No one's under any impression that Apple's Mac OSX is on the way to beating out Windows in the market share department, but the July market share numbers still have to sting a little bit for Cupertino. The market share of OSX fell for the fourth straight month, landing at 5%. It's not like Apple is hurting for cash, they're selling more devices than ever before, thanks to the iPad and iPhone.
Windows 7 on the other hand, hit a milestone and is now running on more PCs (14.5%) than Windows Vista(14.3%). Microsoft has been talking a big game about their Windows 7 sales level, and this is just more proof. Vista numbers have fallen precipitously since Windows 7 was launched. Interestingly, the operating system stalwart, Windows XP still holds a 61.9% market share. XP has lost 5.9% this year though.
It will be interesting to see if Windows 7 can continue this trend, and if it ever makes a real dent in XP's market share. Also of note, is the continued move of Apple away from OSX, and toward vertically integrated platforms like the iPad. What do you think the future holds?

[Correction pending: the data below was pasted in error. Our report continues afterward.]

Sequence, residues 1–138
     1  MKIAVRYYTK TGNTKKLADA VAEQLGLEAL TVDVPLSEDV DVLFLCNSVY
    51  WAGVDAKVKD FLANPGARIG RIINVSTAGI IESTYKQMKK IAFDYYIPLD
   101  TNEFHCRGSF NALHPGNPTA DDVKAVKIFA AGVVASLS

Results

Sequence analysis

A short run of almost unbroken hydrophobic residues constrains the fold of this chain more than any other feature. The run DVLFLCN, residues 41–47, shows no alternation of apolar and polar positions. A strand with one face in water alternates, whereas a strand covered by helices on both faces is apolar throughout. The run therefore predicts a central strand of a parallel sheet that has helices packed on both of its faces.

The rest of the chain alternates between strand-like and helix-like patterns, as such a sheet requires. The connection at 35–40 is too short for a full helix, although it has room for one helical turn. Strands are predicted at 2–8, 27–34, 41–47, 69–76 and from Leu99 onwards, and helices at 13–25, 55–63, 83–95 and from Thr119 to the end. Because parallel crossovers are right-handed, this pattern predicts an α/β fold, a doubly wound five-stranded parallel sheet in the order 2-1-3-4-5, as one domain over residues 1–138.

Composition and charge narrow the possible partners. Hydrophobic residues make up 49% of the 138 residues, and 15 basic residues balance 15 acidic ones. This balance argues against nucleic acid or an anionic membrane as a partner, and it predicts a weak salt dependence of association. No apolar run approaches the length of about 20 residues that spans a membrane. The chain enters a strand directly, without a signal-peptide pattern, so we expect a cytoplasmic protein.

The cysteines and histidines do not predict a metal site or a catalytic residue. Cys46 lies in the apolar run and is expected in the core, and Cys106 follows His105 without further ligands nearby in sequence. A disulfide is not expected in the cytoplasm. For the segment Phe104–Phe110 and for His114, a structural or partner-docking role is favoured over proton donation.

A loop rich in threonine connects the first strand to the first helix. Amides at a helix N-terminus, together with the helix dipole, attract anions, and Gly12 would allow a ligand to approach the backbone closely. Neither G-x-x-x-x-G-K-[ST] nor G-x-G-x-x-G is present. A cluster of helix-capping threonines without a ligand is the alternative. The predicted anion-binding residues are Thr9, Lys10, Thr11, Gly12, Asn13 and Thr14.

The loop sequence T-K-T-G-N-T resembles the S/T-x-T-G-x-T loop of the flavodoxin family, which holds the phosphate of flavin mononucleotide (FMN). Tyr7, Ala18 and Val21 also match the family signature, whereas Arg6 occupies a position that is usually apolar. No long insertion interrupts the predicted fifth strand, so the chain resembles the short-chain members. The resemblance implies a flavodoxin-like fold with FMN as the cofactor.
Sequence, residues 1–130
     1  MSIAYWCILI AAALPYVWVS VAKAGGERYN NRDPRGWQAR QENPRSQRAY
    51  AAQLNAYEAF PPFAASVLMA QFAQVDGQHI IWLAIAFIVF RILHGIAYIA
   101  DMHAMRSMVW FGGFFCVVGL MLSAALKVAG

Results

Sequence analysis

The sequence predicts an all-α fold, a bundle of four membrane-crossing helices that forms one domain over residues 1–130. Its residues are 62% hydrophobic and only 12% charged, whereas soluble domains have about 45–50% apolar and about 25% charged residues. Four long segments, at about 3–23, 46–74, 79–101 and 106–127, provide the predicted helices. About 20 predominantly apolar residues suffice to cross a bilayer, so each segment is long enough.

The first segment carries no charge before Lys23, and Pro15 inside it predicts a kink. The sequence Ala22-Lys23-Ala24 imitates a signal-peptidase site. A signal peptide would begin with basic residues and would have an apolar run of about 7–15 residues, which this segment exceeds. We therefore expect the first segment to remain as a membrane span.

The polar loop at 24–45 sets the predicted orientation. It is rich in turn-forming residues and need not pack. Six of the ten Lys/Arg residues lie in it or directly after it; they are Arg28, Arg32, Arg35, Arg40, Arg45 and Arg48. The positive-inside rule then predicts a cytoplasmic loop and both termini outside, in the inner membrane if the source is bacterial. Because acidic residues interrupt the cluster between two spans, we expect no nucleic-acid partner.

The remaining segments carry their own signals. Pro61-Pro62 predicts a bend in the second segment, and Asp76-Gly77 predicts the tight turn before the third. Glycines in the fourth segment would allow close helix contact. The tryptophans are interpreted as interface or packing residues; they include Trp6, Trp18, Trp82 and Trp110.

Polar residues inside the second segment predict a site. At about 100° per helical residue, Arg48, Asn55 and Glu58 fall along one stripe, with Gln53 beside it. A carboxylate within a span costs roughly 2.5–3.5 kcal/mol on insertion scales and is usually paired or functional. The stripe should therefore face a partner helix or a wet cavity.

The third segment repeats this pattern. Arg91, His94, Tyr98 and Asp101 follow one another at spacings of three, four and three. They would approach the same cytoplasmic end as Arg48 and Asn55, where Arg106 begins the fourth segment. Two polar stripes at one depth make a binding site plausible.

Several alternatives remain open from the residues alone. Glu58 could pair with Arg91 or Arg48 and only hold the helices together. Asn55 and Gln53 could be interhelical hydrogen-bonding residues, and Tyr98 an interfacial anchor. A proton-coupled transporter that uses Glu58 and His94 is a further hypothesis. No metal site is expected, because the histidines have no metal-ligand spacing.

You hear a lot of doom and gloom stories about Microsoft these days, but the Redmond software giant seems to be doing just fine. In the midst of earnings season, Microsoft has taken the opportunity to announce that they've sold 175 million copies of Windows 7 since its release. This keeps up the convenient rate of about 7 copies per second we heard a few months ago.
The interesting thing about the numbers is that demand is not yet falling off. People are adopting Windows 7 in droves, in many cases moving right from XP. While Microsoft probably isn't thrilled about people skipping Vista, the massive step up to Windows 7 is likely to impress skeptical consumers. One last stat from Microsoft; Windows 7 is now running on 16% of the world's PCs. Not bad.
Are you a Windows 7 user? If you made the jump from XP, let us know what you think about the latest and greatest.
Microsoft’s performance during the fourth quarter not only exceeded the Street’s expectations but also saved some blushes. The Redmond-based company earned $16.04 billion in revenue, a 22% rise compared to the same period last year, and enough to get it past Apple’s quarterly revenue of $15.7 billion. The Street had foreseen Apple bettering Microsoft’s quarterly revenue for the first time ever, but MS had other plans.